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oppression and manslaugh- own particular persons, that ter.

we have a peace which the Much of the little volume is world can neither give nor filled with letters, and extracts take away ; and though the of letters, from Benezet to kingdoms of this world tumeminent men and from others ble into confusion, and are to him, or in relation to his lost in the corrupted strivings writings and objects. Three of men, we have a kingdom of which we shall transcribe, prepared of God, incorruptione from Ambrose Serle, Sec. ble and that cannot fade away. retary to Lord Howe, another There, though I see your face from the Abbe Raynal, the more upon earth, I have third from the celebrated Pat- the hope of meeting with you rick Henry. The letter from again ; both of us divested of Ambrose Serle was written in all that can clog or injure our the time of the revolution, spirits, and both participating while the British troops were that fulness of joy which flows in Philadelphia.

from God's right hand soreverPhiladelphia, June 2d, 1778.

To his tender protec“ I ought not to omit, my tion I commend you, and revalued friend, the returning main with sincere esteem your you my kindest thanks for your affectionate friend." p. 42. obliging present of books, The letter from the Abbe which I shall peruse with at. Raynal was also written in the tention, and for your sake keep time of the revolutionary war. them by me. It would be Bruxelles, Dec. 26, 1781. happy for the world at large, “ All your letters have and for individuals, if the prin- miscarried; happily I receivciples they maintain

ed that of the sixteenth of July, rightly understood and cor- 1781, with the pamphlets, filled dially received ; we should in with light and sensibility, which this case have had no occasion

accompany it. Never was to deplore the present mise- present more agreeable to me. ries and troubles, which, as the My satisfaction was equal to certain effects of sin, natural- the respect I have always had ly result from the ambition, for the Society of Quakers. dishonesty and other unmor. May it please Heaven to cause tified passions of inankind. all nations to adopt their prinThe world on the contrary ciples.; men would then be would be something like a par- happy, and the globe not stainadisę regained ; and universaled with blood. Let us join in benevolence and philanthropy our supplications to the Supreside as they ought in the preme Being, that he would human heart. But though unite us in the bonds of a tenfrom long experience we may der and unalterable charity. and must despair of the gener- I am, &c. RAYNAL.” p. 38. al diffusion of christian senti- The letter of Benezet, to ments and practice, we have which the above was a reply, this comfortable trust, in our

was very affectionate and im.



pressive. The following from lation. How few in practice Patrick Henry was not address from conscientious motives ! ed to Benezet, but to one who

"Would any

one believe had presented a book written that I am master of slayes, of by this philanthropist on the my own purchasing! I am slave trade.

drawn along by the general inHanover, Jan. 18, 1773. convenience of living here 6 DEAR SIR,

without them. I will not, I I take this opportunity to cannot justify it. However acknowledge the receipt of culpable my conduct, I will so Anthony Benezet's book against far pay my devoir 'to virtue, as the slave trade : I thank you to own the excellence and recfor it. It is not a little sur- titude of her precepts, and laprising that the professors of ment my want of conformity Christianity, whose chief ex- to them. 'cellence consists in softening I believe a time will come the human heart, in cherishing when an opportunity will be and improving its fineri feel. offered to abolish the lamentaings, should encourage a prac- ble evil. Every thing we can tice so totally repugnant to the do is to improve it, if it hapfirst impressions of right and pens in our day; if not, leti wrong. What adds to the us transmit to our descendants, wonder is, that this abomina- together with our slaves, a ble practice has been introduc- pity for their unhappy lot, and ed in the most enlightened age. an abhorrence of slavery. If Times, that seem to have pre- we cannot reduce this wished tensions to boast of high im- for reformation to practice, let provements in the arts and us treat the unhappy victims sciences, and refined morality, with lenity. It is the furthest have brought into general use, advance can make toand guarded' by laws, a spe- ward justice. It is a debt we cies of violence and tyranny, owe to the purity of our relig which our more rude and bar- ion, to show that it is at vari, barous, but more honest ances- ance with the law which wartors detested. Is it not amaz. rants slavery. ing, that at a time, when the “ I know not when to stop. rights of humanity are defined I could say many things on and understood with precision, the subject; a serious view of in a country above all others which, gives a gloomy perspecfond of liberty,that in such tive to future times." pages an age and such a country, 55, 56. we find men, professing a ré- In a little more than two ligion the most humane, mild, years from the date of this elogentle and generous, adopting quent letter on slavery, our a principle as 'repugnant to country was in arms, contendhumanity, as it is inconsistent ing for what they regarded as with the Bible and destructive their natural rights. After to liberty ? Every 'thinking, eight campaigns of war and honest man rejects it in specy. bloodshed, our independence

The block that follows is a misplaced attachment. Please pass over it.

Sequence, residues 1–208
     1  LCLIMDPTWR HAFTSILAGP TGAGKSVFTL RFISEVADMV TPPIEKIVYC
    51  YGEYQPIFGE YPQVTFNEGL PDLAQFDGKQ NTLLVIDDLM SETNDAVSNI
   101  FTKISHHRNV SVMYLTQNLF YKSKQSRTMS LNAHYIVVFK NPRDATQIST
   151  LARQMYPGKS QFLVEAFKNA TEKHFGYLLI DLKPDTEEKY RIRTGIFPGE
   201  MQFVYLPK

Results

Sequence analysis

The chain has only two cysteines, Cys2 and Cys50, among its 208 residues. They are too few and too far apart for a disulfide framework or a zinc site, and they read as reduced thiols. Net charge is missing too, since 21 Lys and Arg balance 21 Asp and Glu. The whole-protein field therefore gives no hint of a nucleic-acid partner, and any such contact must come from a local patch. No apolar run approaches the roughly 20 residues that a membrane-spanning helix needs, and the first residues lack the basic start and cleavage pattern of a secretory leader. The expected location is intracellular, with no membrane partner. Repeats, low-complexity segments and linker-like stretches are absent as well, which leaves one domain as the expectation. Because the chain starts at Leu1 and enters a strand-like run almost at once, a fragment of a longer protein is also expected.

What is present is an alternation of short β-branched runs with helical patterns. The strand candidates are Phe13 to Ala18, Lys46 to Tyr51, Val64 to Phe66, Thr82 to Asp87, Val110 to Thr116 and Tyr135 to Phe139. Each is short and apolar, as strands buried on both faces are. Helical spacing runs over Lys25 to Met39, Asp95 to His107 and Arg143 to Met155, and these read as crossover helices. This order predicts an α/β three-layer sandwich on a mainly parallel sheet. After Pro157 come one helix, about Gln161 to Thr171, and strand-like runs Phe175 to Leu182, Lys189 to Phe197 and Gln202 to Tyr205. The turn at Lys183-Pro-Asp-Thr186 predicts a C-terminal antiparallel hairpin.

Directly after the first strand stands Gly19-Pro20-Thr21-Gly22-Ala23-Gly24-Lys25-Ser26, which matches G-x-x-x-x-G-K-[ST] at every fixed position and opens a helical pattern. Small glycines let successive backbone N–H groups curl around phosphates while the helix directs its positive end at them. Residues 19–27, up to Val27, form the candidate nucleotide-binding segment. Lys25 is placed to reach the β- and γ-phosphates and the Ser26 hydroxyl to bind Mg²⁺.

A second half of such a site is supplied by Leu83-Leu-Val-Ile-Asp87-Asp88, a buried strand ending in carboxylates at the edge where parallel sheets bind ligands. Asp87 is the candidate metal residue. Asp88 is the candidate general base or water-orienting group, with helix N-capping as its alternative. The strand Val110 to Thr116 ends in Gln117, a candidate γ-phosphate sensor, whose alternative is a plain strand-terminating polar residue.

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was acknowledged by Great a schoolmaster, a peacemaker, Britain. Since which we form- and any thing by which he ed a Constitution to promote could promote the happiness the general welfare and secure or alleviate the miseries of his the blessings of LIBERTY to fellow men. ourselves and our posterity ;" It is perhaps not known to but in which we also took care all our readers that there was to hold in absolute slavery, per- a time when the Quakers of haps, a sixth part of the popu. this country were concerned lation of the country,—and also in the cruel business of en. to add to the number of thesc slaving the Africans ; but such victims of avarice by further was ihe fact, and Benezet was importations of fellow beings, one of the principal agents in to be bought and sold as prop- putting an end to the custom erty! To what quarter of the in his own Society. His Biworld shall we look for another ographer observes :race of such genuine friends His ardent and pathetic of liberty and the rights of communications on this subman ! such virtuous, merciful ject, in the select assemblies and consistent Christians ! of his brethren, were powerful